A lot of young shop managers want to take a new approach to business.
They’ve taken the time to study the industry and are starting to truly understand their markets. They’re going to classes to learn how to secure business for tomorrow.
For them, change is not an option. It’s an imperative. The problem is they don’t have the power to implement those changes. The real authority still rests in the hands of the previous generation, those who built the business or took it over decades ago and whose notion of how to run things is stuck in an outdated paradigm.
Let me draw an analogy that might make the situation clear.
There’s a cage with five monkeys in it. A banana hangs on a string above a set of stairs in the middle of the cage. Inevitably, a sharp-eyed monkey notices the banana, and decides to retrieve it. As soon as he touches the stairs, however, everyone get sprayed with cold water. In the chaos that ensues, the intrepid monkey is frightened away from the stairs.
Eventually, though, another monkey is lured by that nice yellow banana. Again, as soon as he touches the stairs, everyone gets sprayed with cold water.
By now they’ve begun to associate the stairs with the cruel, cold water, and if another monkey gets interested in the banana, they might try to discourage him. After a few more soakings, they’ll try to physically prevent anyone from going near the stairs.
Now we’re going to changes thing up a bit. We’ll put away the cold water, and replace one of those monkeys with a new one. The new monkey sees the banana and wants to climb the stairs. To his surprise and horror, all the other monkeys attack him when he tries. After another attempt, and subsequent attack, he starts to realize that he’s not allowed to climb the stairs.
Now, remove another of the original five monkeys. Bring in a new one and see what happens. Again, when the newcomer goes to the stairs, he is attacked. Even the previous newcomer has learned the behaviour, and he adds his punishment with enthusiasm.
If you replace a third original monkey with a new one, and then a fourth, and then a fifth, you’ll find that every time a newcomer goes to the stairs, he gets attacked. Eventually none of the monkeys in the cage has ever been sprayed with cold water, but they continue the attacks. They don’t know why they aren’t allowed to climb the stairs. They don’t know why they should beat anyone who tries. But they do it none-the-less. Why? Because that’s the way it’s done around here.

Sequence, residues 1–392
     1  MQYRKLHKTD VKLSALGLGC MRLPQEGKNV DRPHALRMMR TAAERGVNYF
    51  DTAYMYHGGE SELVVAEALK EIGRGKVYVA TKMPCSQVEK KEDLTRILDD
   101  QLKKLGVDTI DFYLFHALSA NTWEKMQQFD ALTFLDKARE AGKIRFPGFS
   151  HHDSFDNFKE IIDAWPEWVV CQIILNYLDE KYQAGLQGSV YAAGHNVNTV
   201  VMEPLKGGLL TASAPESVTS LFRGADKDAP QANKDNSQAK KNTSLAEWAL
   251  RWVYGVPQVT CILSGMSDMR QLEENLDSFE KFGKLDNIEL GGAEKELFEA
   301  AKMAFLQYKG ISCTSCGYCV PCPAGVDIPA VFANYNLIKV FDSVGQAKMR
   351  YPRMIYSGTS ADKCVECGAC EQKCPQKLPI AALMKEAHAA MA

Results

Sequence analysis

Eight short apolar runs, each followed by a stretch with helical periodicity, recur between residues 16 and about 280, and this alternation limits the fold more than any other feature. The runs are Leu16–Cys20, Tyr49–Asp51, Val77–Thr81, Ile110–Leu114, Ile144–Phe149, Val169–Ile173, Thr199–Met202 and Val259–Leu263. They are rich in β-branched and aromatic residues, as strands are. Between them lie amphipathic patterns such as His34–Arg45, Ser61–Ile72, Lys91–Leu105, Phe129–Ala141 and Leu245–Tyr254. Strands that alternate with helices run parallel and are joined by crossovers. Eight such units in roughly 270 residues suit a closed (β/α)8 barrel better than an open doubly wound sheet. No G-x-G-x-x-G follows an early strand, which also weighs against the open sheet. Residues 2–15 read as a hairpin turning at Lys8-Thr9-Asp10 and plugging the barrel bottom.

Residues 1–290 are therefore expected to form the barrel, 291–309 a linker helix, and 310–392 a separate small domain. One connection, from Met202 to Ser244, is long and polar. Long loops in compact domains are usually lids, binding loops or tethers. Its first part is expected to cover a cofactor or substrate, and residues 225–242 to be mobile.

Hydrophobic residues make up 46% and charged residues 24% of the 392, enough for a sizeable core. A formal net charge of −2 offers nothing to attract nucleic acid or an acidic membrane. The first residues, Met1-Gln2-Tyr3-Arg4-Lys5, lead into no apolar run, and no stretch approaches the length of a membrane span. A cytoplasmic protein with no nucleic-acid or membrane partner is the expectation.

Does this analogy pertain at all to your shop? Your people? Are irrational constraints holding your company back?
The older generation – the ones who still hold authority over the business – are not learning new behaviours. They refuse to change. They’re not keeping up to date with new strategies and tactics. In their minds, they’ve seen it all before and there’s no use changing things up. “Been there, done that” is their mantra. And if you press them, they’ll tell you how many years they have before retirement. They’re not about to shakes things up. They’re sticking with the standard thinking, the old routines. They’re going through the motions that they’re used to.
Meanwhile, profits keep dropping.
It is time to come to grips with this mentality. We need to address this kind of apathy, this reluctance to try something new. It’s time to embrace a new vision based on clear understanding.
Let’s go for the banana!
Want to spark some fireworks? Clip this article and share it with the old guard, the previous generation that is just putting in their time until retirement, the “real authorities” who can’t stomach change. They will react very strongly to these ideas because no one likes gut-wrenching change.
But have your notes ready. Bring a folder full of facts so you can help them see the light. Be prepared to talk things out.
People who are stuck in a rut or living in the dark ages of outdated thinking need to be coaxed into a new paradigm. Time is wasting! If you wait the five years until they retire, that will be five years of lost momentum. Five years of not getting ready for electric vehicles, autonomous cars, hybrids, telematics, connectivity, and new software platforms. Five years of staying behind the competition. Five years of not catering to the changing needs of consumers. Five years of missed classes and new management strategies.
Today’s “real authority” needs to be challenged with facts and ideas. And if they refuse to take action, then you know where you’ll be in a few years: in a very deep hole with little hope of getting out.
This is tough talk, I know. But as an industry, we must start having tough discussions. Too many businesses, careers, and families are being harmed by the inertia of a generation that is, quite frankly, out of touch.
If this article seems hysterical to you, you may be the old guard in your business, the one that’s refusing to change.
If this article makes sense to you, find a way to wake up the old guard. You and your staff deserve a fighting chance to thrive in the future.
They have a right to go for the banana!
Bob Greenwood is an Accredited Master Automotive Manager (AMAM) who offers personal business coaching and ongoing management training for aftermarket shops, focusing on building net income. He can be reached at 1-800-267-5497 or firstname.lastname@example.org.